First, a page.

Behind the scenes at Kiddieland Amusement Park by day,
in front of the Triton College welding classroom at night...
He's not faster than a locomotive but armed with superheated gases he keeps Kiddieland's trains on track and blazes new trails in the creation of metal art.
Man of Steel
To say that Dave Novotny has a
burning desire to create is hardly an exaggeration or understatement.
The head of maintenance for Kiddieland Amusement Park in Melrose Park for the past 14 years
has recently found a way to meld his passions for difficult and dirty work and creativity into an exciting outlet that has been well received
by his newfound patronage. Novotny's recently-opened Custom Metal Art stuidio showcases an array of metals crafted into everything from company logos,fire or police patches, custom car designs to concepts born from photographs or novotny's own wellspring of ideas, which include an incredible 48-horse, fuly-functional brass carousel modeled after the perennial Kiddieland favorite as well as the brass ferris wheel he master-minded.
It's not surprising that the legendary amusement park has inspired novotny; as maintenance chief of the 76-year old Kiddieland tradition,he focuses on the park's efficient operation twelve months a year even though the park is only open to the public frome April through October.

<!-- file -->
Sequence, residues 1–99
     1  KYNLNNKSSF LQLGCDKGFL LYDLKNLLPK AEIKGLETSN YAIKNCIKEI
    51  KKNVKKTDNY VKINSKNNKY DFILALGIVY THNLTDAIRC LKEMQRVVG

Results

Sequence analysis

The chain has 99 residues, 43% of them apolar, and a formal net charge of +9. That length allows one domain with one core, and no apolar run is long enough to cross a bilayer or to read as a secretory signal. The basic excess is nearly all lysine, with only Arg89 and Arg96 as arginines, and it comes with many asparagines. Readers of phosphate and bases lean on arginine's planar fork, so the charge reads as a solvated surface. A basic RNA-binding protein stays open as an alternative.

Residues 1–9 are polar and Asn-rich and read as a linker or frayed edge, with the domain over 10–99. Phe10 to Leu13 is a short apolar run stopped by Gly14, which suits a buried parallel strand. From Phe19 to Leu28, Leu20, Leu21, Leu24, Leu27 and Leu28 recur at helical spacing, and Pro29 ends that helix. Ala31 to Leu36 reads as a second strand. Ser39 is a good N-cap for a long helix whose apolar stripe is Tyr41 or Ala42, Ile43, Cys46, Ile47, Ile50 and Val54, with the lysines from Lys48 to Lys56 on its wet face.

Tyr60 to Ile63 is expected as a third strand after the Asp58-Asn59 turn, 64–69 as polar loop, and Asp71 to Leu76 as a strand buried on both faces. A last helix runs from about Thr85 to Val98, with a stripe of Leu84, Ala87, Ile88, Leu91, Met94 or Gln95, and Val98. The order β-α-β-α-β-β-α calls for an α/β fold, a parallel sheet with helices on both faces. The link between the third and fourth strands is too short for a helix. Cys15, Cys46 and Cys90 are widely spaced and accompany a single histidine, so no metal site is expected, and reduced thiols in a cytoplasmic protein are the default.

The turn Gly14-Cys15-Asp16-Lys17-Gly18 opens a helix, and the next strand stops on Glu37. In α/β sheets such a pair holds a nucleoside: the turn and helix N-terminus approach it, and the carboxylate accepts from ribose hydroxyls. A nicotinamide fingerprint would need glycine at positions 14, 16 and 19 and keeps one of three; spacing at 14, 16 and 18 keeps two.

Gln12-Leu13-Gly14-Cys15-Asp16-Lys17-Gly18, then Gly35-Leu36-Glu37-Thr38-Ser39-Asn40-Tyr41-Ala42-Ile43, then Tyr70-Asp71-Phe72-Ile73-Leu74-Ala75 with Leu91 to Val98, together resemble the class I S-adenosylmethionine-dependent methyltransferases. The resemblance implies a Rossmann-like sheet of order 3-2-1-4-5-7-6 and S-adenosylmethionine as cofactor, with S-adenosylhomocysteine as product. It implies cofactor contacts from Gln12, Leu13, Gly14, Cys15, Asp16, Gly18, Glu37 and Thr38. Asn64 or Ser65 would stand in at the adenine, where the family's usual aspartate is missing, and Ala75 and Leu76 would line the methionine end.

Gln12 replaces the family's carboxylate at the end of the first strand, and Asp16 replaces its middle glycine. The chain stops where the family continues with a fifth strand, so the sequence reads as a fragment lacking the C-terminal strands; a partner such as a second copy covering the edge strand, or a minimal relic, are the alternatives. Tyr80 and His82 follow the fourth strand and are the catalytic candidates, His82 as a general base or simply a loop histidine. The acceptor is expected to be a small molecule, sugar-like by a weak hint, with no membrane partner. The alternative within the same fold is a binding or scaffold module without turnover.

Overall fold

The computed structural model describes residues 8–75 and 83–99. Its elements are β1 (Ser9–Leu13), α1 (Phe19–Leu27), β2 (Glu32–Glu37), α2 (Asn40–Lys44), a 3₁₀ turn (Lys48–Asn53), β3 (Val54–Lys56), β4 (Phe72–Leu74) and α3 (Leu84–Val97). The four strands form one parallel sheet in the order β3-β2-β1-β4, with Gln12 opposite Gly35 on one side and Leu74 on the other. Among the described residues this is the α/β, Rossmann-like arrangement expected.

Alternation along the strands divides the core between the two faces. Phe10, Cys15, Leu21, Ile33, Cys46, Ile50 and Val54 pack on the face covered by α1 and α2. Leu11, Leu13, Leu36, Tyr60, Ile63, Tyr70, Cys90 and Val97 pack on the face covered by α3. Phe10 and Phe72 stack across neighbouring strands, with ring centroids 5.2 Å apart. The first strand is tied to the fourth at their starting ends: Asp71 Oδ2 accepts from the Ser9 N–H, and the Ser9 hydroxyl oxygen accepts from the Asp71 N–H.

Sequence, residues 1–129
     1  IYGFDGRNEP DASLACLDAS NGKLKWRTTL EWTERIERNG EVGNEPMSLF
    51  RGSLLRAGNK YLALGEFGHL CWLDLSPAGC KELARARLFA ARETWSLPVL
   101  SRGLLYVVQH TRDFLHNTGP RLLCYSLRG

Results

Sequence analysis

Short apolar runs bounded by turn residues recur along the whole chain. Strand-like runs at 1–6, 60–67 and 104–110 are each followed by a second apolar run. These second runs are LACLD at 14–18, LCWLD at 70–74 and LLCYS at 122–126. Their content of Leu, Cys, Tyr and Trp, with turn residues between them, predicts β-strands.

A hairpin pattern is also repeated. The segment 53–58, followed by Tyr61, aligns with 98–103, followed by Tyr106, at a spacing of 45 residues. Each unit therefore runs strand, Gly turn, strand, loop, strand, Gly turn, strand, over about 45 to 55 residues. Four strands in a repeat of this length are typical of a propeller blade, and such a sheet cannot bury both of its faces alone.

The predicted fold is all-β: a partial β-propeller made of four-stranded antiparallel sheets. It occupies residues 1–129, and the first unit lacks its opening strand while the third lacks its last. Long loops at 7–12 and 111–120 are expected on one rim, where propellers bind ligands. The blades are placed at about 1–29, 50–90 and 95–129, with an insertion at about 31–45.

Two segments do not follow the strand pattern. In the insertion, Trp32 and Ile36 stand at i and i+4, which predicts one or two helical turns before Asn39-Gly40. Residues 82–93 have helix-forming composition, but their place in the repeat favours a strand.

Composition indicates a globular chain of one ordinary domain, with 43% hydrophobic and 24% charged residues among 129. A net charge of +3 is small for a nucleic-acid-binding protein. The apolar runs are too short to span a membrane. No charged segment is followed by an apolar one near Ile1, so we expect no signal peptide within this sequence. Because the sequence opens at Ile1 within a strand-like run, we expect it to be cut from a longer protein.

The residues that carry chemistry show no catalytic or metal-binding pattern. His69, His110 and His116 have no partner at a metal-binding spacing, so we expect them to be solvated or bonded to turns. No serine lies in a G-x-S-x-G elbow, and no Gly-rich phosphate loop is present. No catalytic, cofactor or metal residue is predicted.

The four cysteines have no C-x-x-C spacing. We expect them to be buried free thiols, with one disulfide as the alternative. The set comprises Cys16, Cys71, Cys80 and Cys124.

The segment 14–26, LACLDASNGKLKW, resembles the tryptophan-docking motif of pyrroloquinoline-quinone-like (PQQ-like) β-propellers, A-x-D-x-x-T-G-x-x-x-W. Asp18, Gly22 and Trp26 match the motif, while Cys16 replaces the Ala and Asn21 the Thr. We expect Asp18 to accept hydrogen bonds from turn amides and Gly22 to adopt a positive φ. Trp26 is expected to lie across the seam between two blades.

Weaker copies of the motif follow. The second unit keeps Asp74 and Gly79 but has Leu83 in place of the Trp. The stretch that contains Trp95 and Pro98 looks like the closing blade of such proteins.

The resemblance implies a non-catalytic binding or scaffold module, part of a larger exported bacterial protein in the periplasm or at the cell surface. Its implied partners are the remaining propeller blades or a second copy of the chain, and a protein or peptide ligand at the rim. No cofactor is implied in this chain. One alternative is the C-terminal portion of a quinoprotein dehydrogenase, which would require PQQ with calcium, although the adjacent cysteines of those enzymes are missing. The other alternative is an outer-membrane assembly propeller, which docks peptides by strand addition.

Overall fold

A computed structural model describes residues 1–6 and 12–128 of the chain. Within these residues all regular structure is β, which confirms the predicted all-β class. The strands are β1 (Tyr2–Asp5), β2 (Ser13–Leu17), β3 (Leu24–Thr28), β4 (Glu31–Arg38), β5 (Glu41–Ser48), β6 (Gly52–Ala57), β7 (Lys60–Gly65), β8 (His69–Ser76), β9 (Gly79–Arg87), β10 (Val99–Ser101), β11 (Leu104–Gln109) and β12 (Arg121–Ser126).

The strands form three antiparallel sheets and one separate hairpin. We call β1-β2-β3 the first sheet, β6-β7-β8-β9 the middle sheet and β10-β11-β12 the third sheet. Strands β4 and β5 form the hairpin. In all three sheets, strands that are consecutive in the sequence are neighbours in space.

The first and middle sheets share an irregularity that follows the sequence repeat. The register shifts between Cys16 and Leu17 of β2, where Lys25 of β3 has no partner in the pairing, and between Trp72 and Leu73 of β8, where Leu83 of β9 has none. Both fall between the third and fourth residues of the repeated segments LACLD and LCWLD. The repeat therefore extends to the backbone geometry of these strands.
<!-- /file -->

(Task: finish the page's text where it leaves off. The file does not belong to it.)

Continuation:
Kiddieland has always tried to be self-sufficient when it
comes to maintenance. If something needed to be custom made,
we work in our shop or with machine shops to get it done, stripping down rides and repairing components internally. After all, some parts in the almost-century old park are obsolete.
That's where Dave comes in. Preparing for Kiddielands April 17th opening weekend and the exciting re-introduction of the classic steam engine train, is the top priority right now for Novotny and his crew, But what relieves the pressure of a long day for Novotny,who also lives on Kiddieland property with his daughter ashley and wife donna, are his roles as instructor and sculptor. I was the one who wanted to learn how to weld again, said Norini during the interview with Novotny, but
my schedule wouldn'tpermit me to attend the class. So Dave started without me. As a result, Novotny was befriended by his Triton College instructor, the late Chuck Gardner, who took Novotny under his wing. When Chuck left Triton to care for his wife, he asked me to take over his class. With the permission and approval of the College's deans and administration, I began